posted on 04/13/2011 via
BabyBoomerTrips.com: We would like to take you back to a time when you were first starting to think about traveling independently. Can you relay some personal travel experiences from when you were just starting to travel on your own? Were your travel experiences very simple, such as going to "the lake," or the nearest "big city," or was it something more exotic like backpacking through Europe, hiking through Nepal, or taking a VW van cross-country? How much planning was involved back then, and what were your information sources?
Karen Fawcett: At the age of seven, I started flying from Washington, DC to Los Angles each summer to visit family. I'll never forget how elegant the Eastern Airlines stewardesses were - I loved their hats and incredible sophistication. My mother required I wear a dress, white gloves and Mary Jane black patent leather shoes before embarking on the prop plane. In those days, flying was glamorous and not akin to the cattle cars of today. I couldn't believe how those trays of food were always ready for munching. The flight took approximately 13 hours. But, every minute was so wonderful and the stewardesses would cover me with a blanket and place a pillow behind my head. If only I could grow up to be "one of them."
When I was 13, I took a vacation to Europe with a teen group. Our first stop was Paris and I recall being struck by the Eiffel Tower and taking a Seine river cruise. It was a true revelation that a place as beautiful as Paris had architecture that dated back centuries and people spoke a foreign language. I vividly recall going into a stationery story to buy some paper and a pen. After struggling through the request with my iffy French, the owner of the store commented, "That was wonderful - let's speak English" and gave me a candy bar as a bonus for my efforts.
BabyBoomerTrips.com: In your early travel days, how did you view the idea of flying to some distant country or a third world country? How does this compare to now?
Karen Fawcett: My subsequent trip to Europe didn't take place until I was 20. From that day on, I contracted the travel bug. Initially my trips comprised mostly of Europe and Eastern Europe. Then the world. One of the pluses of being based in Paris is that it's a major hub.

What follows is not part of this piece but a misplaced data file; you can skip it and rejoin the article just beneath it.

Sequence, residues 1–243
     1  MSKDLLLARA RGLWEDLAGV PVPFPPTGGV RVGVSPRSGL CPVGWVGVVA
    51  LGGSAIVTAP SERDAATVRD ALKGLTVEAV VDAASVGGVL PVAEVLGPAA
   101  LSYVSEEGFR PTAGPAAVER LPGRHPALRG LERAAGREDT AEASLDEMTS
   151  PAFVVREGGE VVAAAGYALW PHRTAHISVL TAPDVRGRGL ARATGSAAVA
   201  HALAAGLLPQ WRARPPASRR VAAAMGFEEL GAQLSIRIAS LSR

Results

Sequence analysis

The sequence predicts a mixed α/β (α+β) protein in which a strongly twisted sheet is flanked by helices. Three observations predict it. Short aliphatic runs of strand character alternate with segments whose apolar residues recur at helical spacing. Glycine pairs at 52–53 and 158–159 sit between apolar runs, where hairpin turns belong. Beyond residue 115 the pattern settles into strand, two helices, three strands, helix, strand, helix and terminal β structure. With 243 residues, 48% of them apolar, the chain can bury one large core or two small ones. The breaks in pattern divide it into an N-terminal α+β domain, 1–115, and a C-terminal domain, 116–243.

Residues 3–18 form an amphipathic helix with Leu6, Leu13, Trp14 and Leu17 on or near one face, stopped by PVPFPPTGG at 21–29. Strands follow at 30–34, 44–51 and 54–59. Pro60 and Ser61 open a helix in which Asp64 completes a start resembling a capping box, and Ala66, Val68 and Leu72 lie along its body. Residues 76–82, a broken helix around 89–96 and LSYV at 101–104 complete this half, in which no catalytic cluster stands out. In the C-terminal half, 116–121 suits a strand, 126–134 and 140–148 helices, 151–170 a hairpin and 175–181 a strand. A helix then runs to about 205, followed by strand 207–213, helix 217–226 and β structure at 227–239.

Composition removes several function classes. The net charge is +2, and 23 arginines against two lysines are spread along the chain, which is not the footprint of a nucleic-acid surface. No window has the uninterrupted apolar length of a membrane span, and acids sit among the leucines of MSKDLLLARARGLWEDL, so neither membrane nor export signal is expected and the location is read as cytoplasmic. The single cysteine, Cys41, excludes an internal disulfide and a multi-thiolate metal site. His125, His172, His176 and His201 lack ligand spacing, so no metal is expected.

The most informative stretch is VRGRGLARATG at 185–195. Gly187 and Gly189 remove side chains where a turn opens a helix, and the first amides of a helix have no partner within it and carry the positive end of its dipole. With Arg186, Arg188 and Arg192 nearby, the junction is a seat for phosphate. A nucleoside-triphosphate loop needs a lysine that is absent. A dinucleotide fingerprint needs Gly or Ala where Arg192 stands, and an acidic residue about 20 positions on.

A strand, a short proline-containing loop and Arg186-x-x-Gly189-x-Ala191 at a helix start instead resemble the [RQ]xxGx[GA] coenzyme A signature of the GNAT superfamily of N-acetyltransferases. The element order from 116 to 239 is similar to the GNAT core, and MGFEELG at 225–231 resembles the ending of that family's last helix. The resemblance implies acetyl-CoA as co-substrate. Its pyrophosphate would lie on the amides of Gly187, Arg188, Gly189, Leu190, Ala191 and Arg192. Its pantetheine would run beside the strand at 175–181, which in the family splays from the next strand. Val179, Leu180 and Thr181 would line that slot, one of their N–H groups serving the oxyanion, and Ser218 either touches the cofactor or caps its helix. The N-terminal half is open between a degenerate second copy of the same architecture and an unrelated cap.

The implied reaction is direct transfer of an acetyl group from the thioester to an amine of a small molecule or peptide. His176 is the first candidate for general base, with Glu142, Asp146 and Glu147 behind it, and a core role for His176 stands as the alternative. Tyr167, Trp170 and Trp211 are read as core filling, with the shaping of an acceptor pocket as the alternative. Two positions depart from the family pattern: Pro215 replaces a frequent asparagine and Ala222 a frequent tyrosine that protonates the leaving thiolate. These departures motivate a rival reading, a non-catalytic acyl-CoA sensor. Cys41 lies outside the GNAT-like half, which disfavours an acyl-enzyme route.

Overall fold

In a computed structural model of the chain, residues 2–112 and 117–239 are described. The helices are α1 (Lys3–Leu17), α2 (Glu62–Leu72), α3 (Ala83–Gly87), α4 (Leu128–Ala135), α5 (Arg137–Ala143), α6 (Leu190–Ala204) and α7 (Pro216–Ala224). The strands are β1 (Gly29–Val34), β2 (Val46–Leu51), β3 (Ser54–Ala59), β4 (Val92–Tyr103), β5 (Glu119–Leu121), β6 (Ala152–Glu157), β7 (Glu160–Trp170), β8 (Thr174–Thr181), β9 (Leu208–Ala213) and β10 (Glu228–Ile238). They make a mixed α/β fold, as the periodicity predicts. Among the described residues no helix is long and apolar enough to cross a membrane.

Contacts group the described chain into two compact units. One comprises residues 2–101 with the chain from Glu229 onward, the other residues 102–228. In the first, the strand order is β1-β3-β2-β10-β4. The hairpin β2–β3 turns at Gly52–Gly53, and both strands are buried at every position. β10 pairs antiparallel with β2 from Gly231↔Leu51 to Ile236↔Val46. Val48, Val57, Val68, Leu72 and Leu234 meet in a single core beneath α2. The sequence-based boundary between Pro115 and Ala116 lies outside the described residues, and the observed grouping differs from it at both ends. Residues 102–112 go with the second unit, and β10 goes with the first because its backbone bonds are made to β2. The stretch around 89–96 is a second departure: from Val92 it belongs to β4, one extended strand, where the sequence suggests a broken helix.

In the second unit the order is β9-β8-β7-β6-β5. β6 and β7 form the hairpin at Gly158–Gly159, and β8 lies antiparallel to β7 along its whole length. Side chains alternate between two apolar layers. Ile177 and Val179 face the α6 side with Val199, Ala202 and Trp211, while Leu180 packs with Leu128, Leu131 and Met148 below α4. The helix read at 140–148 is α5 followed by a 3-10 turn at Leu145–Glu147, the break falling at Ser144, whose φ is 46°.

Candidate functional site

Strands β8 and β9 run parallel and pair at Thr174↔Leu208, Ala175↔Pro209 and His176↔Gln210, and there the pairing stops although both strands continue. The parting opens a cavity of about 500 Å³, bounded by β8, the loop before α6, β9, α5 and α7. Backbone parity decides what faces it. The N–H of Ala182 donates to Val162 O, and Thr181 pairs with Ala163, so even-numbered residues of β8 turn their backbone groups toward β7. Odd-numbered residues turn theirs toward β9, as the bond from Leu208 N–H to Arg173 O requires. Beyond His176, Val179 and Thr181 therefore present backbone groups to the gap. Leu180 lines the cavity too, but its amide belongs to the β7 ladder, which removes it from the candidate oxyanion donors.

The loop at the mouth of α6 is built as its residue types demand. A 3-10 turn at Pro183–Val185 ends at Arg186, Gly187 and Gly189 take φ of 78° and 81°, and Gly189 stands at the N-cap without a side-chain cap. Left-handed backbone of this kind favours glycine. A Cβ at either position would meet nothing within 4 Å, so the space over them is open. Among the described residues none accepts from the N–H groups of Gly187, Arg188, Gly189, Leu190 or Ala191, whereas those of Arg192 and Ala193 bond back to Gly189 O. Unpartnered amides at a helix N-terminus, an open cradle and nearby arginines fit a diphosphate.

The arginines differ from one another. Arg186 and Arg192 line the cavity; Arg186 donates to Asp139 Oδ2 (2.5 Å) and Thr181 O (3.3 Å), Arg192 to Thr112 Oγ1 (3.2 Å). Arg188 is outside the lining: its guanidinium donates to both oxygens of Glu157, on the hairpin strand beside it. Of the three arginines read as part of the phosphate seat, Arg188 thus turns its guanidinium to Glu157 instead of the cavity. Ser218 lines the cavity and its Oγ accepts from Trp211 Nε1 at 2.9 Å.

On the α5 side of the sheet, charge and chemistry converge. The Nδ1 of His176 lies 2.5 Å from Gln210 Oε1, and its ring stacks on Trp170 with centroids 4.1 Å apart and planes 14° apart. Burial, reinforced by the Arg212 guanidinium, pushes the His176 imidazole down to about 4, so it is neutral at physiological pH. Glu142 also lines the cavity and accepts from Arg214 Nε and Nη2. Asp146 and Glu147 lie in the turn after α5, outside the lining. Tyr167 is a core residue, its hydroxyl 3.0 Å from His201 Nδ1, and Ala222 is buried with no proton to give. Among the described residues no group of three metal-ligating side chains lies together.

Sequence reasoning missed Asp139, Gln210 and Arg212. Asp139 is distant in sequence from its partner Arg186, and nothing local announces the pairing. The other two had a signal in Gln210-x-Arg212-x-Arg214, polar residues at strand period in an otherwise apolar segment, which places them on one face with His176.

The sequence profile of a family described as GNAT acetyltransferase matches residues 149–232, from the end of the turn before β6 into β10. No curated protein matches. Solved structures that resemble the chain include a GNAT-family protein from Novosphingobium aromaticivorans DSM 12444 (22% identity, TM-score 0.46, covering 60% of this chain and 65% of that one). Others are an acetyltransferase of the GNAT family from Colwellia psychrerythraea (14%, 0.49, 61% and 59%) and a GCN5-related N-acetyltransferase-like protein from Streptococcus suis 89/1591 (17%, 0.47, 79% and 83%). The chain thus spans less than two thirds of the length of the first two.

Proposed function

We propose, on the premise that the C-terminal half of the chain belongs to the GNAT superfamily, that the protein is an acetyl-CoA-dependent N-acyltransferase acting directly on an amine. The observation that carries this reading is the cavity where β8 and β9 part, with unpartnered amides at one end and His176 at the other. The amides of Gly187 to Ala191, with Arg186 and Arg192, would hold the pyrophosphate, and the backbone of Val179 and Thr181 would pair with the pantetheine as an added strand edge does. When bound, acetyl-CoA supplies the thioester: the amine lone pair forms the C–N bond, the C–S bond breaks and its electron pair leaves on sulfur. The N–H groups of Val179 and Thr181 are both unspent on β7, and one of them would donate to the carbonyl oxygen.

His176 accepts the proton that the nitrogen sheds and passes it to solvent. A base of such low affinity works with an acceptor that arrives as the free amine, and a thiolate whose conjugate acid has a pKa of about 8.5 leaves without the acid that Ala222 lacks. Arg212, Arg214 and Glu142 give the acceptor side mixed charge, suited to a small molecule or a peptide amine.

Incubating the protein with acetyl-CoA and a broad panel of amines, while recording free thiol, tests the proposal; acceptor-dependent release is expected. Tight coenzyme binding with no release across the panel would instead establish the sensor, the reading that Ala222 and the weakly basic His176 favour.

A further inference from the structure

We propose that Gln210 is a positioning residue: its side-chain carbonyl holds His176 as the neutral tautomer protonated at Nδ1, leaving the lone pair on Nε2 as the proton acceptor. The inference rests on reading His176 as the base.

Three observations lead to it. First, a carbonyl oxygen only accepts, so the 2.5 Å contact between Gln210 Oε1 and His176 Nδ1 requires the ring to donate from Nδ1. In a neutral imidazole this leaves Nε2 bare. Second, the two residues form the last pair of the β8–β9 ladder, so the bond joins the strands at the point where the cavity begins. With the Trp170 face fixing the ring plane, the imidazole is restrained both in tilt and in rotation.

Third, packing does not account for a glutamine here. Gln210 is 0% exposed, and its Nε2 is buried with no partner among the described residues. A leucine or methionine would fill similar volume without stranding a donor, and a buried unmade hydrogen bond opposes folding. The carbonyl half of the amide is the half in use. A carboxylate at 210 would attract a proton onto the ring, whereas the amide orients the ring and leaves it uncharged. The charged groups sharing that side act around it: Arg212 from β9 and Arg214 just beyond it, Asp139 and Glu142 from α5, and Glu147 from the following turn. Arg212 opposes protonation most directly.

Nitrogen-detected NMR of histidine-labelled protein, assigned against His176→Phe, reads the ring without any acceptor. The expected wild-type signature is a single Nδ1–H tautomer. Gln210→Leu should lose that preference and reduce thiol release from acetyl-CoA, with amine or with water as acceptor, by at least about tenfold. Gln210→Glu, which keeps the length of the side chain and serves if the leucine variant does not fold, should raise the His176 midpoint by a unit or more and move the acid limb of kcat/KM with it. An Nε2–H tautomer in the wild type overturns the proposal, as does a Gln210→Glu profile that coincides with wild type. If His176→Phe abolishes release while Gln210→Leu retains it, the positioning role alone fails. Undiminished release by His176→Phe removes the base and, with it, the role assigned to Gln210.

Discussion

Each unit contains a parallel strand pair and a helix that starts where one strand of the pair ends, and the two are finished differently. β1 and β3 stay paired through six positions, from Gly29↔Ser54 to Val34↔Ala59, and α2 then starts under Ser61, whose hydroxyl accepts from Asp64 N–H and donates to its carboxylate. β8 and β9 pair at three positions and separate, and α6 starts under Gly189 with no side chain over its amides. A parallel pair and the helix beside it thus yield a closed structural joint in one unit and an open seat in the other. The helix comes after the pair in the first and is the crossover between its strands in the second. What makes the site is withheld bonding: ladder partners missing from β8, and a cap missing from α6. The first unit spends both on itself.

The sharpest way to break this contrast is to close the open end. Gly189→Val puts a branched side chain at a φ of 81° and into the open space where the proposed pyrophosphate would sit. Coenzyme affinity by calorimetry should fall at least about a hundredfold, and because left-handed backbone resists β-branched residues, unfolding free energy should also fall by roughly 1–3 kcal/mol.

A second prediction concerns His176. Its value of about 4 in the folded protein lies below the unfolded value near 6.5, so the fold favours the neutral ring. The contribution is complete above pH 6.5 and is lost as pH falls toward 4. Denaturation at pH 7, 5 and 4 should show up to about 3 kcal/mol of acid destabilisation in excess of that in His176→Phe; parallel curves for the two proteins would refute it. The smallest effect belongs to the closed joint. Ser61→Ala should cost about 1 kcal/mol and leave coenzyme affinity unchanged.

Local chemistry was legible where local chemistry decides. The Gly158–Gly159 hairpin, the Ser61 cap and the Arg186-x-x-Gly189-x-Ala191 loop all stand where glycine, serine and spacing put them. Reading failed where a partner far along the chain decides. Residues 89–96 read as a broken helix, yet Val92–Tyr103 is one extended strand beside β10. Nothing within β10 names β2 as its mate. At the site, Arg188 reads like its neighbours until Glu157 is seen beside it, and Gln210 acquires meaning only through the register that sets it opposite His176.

One summer, when my son was seven, I rented a house in Majorca, Spain. When I reflect back on this trip, it was more than a little bit gutsy. I overpaid for the summer vacation rental ($600), didn't speak a word of Spanish and was persuaded I was going to write the book that was brewing inside of me. Thirteen pages later - NOT!
Miles and I signed on for a week-long Mediterranean cruise. Each day, people embarked and disembarked. As soon as we'd meet people whom we liked, they'd leave the ship the subsequent day. But, we did see places such as Pompeii when our cruise ship stopped for the excursion of the day.
Now, it's not infrequent that I see a travel deal on the Internet and take off for Morocco or another country for a three day special. If you're able to be flexible, people can go for nearly less than the cost of staying home. Some travelers are planners. I confess I'm less of one and like to discover the country as I go after having done some rudimentary research, more than likely via the Internet.
BabyBoomerTrips.com: A fair amount of time has elapsed since you first started to travel independently. How has the travel industry changed since that time? How have your personal travel habits changed?
Karen Fawcett: The travel industry bears little to no resemblance to what it was 35 years ago. There was NO Internet and people were forced to depend on travel agents to find travel deals. If Rail passes existed, my mother certainly wasn't going to let me hit the rails solo. My generation was the "junior year abroad" one.
As for my personal habits, many factors have changed. Were I'm traveling dictates how I plan the trip. Some countries (especially when it's off-season) encourage increasing serendipity.
In France, some (many) trips have been focused on meals and where we stay is secondary. I TRY to travel light and not let my luggage own me.